To learn more about the benefits of a plant-based diet, and other types of diets, explore GreenMedInfo.com, the world's largest natural health database.
[i] National Research Council (US); Institute of Medicine (US); Woolf SH, Aron L, editors. U.S. Health in International Perspective: Shorter Lives, Poorer Health. Washington (DC): National Academies Press (US); 2013. Summary. https://www.ncbi.nlm.nih.gov/books/NBK154469/
[ii] Quaker Oats, Products, Hot Cereals, Instant Oatmeal, Maple and Brown Sugar. https://www.quakeroats.com/products/hot-cereals/instant-oatmeal/maple-and-brown-sugar
[iii] National Research Council (US); Institute of Medicine (US); Woolf SH, Aron L, editors. U.S. Health in International Perspective: Shorter Lives, Poorer Health. Washington (DC): National Academies Press (US); 2013. Summary. https://www.ncbi.nlm.nih.gov/books/NBK154469/
[iv] National Research Council (US); Institute of Medicine (US); Woolf SH, Aron L, editors. U.S. Health in International Perspective: Shorter Lives, Poorer Health. Washington (DC): National Academies Press (US); 2013. Summary. https://www.ncbi.nlm.nih.gov/books/NBK154469/
[v] National Research Council (US); Institute of Medicine (US); Woolf SH, Aron L, editors. U.S. Health in International Perspective: Shorter Lives, Poorer Health. Washington (DC): National Academies Press (US); 2013. Summary. https://www.ncbi.nlm.nih.gov/books/NBK154469/
[vi] Fahimeh Haghighatdoost, Nick Bellissimo, Julia O Totosy de Zepetnek, Mohammad Hossein Rouhani. Association of vegetarian diet with inflammatory biomarkers: a systematic review and meta-analysis of observational studies. Public Health Nutr. 2017 Aug 24:1-9. Epub 2017 Aug 24. PMID: 28836492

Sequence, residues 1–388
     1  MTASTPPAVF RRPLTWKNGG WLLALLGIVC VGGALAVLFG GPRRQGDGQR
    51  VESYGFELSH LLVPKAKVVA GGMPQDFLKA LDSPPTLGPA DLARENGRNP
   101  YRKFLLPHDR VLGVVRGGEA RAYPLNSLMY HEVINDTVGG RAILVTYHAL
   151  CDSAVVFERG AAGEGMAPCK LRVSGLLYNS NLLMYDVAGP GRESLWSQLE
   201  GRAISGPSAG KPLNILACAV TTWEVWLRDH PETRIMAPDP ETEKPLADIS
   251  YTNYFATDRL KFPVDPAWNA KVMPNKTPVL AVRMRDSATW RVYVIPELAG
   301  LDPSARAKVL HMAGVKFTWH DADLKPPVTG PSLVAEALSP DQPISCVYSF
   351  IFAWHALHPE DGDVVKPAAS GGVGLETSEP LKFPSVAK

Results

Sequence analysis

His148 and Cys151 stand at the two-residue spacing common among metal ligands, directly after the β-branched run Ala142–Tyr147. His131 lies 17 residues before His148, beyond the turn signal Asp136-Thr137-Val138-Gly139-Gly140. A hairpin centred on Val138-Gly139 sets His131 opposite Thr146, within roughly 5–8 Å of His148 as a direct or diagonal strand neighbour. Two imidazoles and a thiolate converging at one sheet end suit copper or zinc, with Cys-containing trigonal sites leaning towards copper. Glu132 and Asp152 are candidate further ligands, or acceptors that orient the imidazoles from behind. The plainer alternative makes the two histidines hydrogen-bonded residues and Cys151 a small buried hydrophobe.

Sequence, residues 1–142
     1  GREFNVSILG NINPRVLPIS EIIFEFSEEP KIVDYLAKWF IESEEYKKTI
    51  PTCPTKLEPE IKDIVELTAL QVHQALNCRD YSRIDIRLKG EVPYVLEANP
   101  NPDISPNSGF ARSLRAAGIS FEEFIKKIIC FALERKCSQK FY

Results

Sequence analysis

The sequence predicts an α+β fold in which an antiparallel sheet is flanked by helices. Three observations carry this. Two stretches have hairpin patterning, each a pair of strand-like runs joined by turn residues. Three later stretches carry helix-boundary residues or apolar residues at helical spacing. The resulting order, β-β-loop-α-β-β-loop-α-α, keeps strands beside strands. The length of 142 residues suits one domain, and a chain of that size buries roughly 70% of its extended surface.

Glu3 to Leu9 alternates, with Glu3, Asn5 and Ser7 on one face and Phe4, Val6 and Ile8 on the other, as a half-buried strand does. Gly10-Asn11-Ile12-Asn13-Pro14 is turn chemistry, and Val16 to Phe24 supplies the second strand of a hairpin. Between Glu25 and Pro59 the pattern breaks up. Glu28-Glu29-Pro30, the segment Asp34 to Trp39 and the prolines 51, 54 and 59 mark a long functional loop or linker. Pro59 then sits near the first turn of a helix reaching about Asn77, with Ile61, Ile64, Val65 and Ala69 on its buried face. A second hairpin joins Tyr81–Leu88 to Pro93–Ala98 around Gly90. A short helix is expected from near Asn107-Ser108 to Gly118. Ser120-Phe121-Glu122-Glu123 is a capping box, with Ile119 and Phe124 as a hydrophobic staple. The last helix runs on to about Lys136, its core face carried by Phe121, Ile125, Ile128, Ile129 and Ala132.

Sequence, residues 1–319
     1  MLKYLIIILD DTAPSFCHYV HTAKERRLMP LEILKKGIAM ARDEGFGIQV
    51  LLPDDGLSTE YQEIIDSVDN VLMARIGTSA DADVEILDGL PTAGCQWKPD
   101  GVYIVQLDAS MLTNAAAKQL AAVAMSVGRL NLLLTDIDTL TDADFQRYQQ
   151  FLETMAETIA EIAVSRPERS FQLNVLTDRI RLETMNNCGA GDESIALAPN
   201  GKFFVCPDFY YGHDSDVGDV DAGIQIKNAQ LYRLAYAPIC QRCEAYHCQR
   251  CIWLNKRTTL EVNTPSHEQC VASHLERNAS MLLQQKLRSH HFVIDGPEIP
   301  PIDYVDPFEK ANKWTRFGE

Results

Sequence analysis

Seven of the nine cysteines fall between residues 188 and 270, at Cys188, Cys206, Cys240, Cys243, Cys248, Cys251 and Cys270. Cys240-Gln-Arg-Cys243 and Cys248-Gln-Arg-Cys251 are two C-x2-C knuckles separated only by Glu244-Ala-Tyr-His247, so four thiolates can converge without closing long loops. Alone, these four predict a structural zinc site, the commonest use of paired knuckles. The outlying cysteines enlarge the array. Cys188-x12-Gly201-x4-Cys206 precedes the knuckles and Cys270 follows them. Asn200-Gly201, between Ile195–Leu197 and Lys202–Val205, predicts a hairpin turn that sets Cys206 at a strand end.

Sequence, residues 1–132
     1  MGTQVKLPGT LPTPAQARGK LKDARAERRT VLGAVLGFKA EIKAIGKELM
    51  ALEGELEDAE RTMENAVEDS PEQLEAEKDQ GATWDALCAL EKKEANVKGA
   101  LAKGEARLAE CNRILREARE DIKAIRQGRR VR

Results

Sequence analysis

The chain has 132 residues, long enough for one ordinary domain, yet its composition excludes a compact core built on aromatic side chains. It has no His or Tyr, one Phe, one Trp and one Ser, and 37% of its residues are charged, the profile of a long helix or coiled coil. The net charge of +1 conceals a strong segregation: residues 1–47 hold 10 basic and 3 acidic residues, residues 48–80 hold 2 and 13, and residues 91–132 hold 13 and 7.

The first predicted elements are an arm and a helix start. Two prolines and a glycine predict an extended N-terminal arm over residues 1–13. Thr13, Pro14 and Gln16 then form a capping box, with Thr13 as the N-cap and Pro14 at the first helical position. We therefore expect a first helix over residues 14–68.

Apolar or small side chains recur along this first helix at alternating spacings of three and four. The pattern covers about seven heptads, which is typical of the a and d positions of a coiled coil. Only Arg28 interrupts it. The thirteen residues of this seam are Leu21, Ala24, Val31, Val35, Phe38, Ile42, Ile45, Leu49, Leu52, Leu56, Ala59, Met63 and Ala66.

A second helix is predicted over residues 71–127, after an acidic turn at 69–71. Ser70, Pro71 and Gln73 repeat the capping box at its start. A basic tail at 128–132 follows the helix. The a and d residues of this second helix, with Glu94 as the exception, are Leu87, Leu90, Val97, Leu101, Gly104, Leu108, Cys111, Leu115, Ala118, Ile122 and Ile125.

[vii] Plant‐Based Diets Are Associated With a Lower Risk of Incident Cardiovascular Disease, Cardiovascular Disease Mortality, and All‐Cause Mortality in a General Population of Middle‐Aged Adults. Hyunju Kim PhD, Laura E. Caulfield PhD, Vanessa Garcia‐Larsen PhD, Lyn M. Steffen PhD, Josef Coresh MD, PhD, and Casey M. Rebholz PhD. https://www.ahajournals.org/doi/10.1161/JAHA.119.012865
[viii] Julio Acosta Navarro, Luiza Antoniazzi de Gouveia, Lilliam Rocha-Penha, Naiara Cinegaglia, Vanessa Belo, Michele Mazzaron de Castro, Valeria Cristina Sandrim. Reduced levels of potential circulating biomarkers of cardiovascular diseases in apparently healthy vegetarian men. Clin Chim Acta. 2016 Aug 2 ;461:110-113. Epub 2016 Aug 2. PMID: 27496081
[ix] Krithiga Shridhar, Preet Kaur Dhillon, Liza Bowen, Sanjay Kinra, Ankalmadugu Venkatsubbareddy Bharathi, Dorairaj Prabhakaran, Kolli Srinath Reddy, Shah Ebrahim,. The association between a vegetarian diet and cardiovascular disease (CVD) risk factors in India: the Indian Migration Study. PLoS One. 2014 ;9(10):e110586. Epub 2014 Oct 24. PMID: 25343719
[x] Monica Dinu, Rosanna Abbate, Gian Franco Gensini, Alessandro Casini, Francesco Sofi. Vegetarian, vegan diets and multiple health outcomes: a systematic review with meta-analysis of observational studies. Crit Rev Food Sci Nutr. 2016 Feb 6:0. Epub 2016 Feb 6. PMID: 26853923
[xi] Ambika Satija, Shilpa N Bhupathiraju, Eric B Rimm, Donna Spiegelman, Stephanie E Chiuve, Lea Borgi, Walter C Willett, JoAnn E Manson, Qi Sun, Frank B Hu. Plant-Based Dietary Patterns and Incidence of Type 2 Diabetes in US Men and Women: Results from Three Prospective Cohort Studies. PLoS Med. 2016 Jun ;13(6):e1002039. Epub 2016 Jun 14. PMID: 27299701
[xii] Luciana Baroni, Stefano Scoglio, Serena Benedetti, Chiara Bonetto, Silvia Pagliarani, Yanina Benedetti, Marco Rocchi, Franco Canestrari. Effect of a Klamath algae product ("AFA-B12") on blood levels of vitamin B12 and homocysteine in vegan subjects: a pilot study. Am J Clin Nutr. 2005 Oct;82(4):887-93. PMID: 20108213